|Jozi is a collection of sketches or anecdotes interlinked by the same cast of characters and the city spaces they negotiate. Five or six young men are friends and hang out together in inner city Johannesburg, which includes Joubert Park, Hillbrow, Braamfontein, Berea and Yeoville.
These places all occupy a nostalgic spot in my heart because I grew up there, went to school in Yeoville, visited Joubert Park, hung out in Hillbrow in my late teens and had friends who went to Wits. I saw these places change over the years and I relish hearing them described in this novel. Although the topic is different, the novel reminds me of the film, Conversations on a Sunday Afternoon. In this film, a man spends time scouring similar areas looking for someone he met by chance, and encounters an aspect of Johannesburg that he had not previously known. In the novel, the narrator also has different chance encounters, some of which enrich his life while others endanger his life.
The narrator introduces his various friends by relating anecdotes about their current situations and dilemmas in the period spanning the 90s and the early 2000s. The over-riding sense is of young men with promise but little direction; they are educated and well-read but disillusioned by the state of affairs in the country. They seem to lurch from one disaster to another. AIDS is a lurking presence “at funerals where the cause of death is never discussed.” Some have jobs where they are tokens employed to satisfy affirmative action, some dabble in criminal activity while others, like the un-named character known as the poet, have opted out of living.
On one of the narrator’s attempts to find the poet, he is instrumental in stopping a pickpocket in his tracks. A mob gathers and assaults the pickpocket while others stand and watch. This scene is very well illustrated, from the actions of each individual to the description of the “thief’s inert body” and the indifference of the policeman to the incident. Unfortunately, the effect this has on the narrator is not developed and the action jumps quickly to a scene in which he has drinks with Duma and Buhle where he has been summoned “to play peacemaker between the warring lovers”. There are also violent scenes of brawls and fights between drunk people, encounters with a Congolese man, Michel, who buys everyone beers as well as sexual encounters with a kept woman.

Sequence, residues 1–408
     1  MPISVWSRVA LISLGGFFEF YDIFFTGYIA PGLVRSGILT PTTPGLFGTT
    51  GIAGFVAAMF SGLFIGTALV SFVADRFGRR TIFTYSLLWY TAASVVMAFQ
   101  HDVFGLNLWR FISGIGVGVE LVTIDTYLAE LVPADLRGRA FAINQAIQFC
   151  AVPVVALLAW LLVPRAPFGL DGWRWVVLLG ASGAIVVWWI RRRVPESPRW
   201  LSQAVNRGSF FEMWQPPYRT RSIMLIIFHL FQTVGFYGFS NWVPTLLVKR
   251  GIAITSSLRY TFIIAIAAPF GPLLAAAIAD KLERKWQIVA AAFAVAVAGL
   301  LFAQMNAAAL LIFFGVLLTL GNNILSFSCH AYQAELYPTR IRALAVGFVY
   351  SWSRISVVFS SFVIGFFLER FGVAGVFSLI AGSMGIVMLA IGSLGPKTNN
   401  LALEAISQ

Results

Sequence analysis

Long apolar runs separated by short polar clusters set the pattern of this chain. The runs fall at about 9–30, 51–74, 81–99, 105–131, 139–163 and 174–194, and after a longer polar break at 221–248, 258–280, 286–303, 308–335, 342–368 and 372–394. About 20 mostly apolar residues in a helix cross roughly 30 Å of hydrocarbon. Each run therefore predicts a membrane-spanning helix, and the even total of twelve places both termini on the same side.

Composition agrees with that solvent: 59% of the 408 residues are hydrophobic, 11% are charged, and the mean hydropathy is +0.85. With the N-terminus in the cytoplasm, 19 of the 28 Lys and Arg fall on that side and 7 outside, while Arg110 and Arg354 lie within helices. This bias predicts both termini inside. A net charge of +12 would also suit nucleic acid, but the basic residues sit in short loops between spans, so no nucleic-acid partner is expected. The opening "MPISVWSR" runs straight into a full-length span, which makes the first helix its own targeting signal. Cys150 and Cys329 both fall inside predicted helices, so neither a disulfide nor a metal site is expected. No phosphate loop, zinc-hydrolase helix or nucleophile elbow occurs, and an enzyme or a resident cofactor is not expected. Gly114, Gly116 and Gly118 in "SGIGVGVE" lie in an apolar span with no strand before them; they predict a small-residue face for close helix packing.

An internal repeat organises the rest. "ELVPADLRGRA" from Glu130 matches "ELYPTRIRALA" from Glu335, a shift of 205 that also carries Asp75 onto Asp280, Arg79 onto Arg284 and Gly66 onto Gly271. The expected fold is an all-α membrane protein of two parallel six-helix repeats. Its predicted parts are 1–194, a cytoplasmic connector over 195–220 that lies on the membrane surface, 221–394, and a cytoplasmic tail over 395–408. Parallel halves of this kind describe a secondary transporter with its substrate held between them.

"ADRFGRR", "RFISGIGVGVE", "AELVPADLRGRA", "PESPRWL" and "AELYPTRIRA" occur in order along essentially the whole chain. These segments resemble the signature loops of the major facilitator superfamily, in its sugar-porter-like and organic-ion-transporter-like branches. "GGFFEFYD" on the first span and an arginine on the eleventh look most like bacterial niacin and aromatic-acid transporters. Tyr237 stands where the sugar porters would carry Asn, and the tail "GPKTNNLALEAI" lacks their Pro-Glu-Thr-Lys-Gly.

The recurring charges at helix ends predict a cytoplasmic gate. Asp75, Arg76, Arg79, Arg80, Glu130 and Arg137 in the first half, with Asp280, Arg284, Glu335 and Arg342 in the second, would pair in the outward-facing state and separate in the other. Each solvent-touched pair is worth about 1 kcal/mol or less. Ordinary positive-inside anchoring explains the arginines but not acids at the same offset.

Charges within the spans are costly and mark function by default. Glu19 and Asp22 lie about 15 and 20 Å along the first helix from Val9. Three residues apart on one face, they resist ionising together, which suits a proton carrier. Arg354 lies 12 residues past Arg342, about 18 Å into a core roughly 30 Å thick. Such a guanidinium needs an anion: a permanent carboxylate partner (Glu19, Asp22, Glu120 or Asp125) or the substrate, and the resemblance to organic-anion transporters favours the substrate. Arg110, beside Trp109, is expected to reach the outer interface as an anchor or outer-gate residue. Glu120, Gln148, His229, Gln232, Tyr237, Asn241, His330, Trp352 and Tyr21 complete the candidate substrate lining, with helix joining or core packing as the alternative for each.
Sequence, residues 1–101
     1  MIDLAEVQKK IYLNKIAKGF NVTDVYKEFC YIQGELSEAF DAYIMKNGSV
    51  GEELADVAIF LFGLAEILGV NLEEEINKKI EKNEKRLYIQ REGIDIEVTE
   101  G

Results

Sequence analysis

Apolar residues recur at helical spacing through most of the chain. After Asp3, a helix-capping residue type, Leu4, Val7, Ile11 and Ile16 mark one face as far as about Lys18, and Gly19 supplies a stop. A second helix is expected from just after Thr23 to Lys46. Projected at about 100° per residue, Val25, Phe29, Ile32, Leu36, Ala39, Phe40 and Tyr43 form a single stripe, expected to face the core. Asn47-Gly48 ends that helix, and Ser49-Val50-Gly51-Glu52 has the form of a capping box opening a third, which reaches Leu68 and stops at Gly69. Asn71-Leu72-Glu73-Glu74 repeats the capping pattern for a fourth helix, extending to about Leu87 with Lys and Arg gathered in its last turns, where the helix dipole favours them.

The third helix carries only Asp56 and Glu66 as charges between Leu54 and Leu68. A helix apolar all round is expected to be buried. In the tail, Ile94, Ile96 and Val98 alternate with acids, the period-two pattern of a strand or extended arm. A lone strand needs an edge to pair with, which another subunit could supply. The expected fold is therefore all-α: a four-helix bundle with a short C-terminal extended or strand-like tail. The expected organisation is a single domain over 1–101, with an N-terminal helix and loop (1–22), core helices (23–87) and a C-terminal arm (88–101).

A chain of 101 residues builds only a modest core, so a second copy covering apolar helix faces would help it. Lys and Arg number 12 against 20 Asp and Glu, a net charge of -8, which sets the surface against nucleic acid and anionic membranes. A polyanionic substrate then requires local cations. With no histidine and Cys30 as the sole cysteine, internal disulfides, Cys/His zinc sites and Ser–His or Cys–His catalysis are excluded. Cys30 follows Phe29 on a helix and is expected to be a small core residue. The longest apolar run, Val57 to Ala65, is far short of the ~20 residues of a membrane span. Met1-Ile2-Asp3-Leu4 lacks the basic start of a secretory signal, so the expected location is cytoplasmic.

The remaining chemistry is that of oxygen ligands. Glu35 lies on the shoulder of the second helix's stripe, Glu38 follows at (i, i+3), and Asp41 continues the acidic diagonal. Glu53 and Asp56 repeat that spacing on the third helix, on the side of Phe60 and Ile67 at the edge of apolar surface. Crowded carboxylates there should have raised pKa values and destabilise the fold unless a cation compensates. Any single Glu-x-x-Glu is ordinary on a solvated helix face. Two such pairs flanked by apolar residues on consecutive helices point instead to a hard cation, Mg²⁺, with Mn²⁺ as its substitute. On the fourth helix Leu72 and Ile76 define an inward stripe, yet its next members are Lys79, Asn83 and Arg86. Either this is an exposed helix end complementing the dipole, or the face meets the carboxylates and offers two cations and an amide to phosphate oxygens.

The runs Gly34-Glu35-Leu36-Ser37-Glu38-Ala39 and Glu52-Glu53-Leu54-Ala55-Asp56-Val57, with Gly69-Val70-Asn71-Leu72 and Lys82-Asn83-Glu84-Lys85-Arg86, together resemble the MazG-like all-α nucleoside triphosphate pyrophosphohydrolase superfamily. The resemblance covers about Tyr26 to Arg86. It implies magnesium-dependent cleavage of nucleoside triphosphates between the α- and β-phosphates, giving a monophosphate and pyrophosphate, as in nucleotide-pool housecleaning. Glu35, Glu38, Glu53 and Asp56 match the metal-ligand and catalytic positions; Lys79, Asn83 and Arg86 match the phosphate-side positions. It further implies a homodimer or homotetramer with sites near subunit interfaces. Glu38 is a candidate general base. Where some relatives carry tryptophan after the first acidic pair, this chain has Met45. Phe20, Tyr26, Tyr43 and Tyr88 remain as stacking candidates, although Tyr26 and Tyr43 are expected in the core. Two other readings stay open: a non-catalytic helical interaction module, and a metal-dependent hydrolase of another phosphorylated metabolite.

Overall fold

The chapters are short and those that describe the friends of the narrator are interspersed by his musings on various topics such as the way ‘coconuts’ butcher their own language in their efforts to be accepted, the Skierlik shooting in 2008 where black people were gunned down by a white racist and discussions on xenophobia. It seemed as if these inserts are a way of expressing the writer’s opinions and come across as didactic. On the one hand, this commentary on society is important and needs to be heard but, in a novel, it works better if this forms an integral part of the text and the action.
Even though the men described in the novel are still young they often reflect on memories of loss.There is a beautiful piece of unpunctuated stream of consciousness writing when the narrator berates himself over the loss of his one true love, Fisanga. He wonders about our wayward human nature and why we are “apt to pour scorn on those who adore us.” Most of the narrative is in the first person but sometimes shifts to the third person. This is initially confusing until I realised that Frank and the narrator were the same person.
Towards the end of the novel, a rural father searching for his lost daughter arrives in Jozi. This seems to have been tacked on, as is the experience of Senzo and his reaction to falling ill. This novel holds promise but could have been so much more if characters had been contextualised and the storyline developed and expanded upon. The writing is good and the sense of place extremely well drawn. I recommend reading it, despite its flaws, as it certainly brings Jozi to life and captures the dilemmas of this generation of young black men, (and to a lesser extent, women), disillusioned and cynical about their lives and their unfulfilled dreams.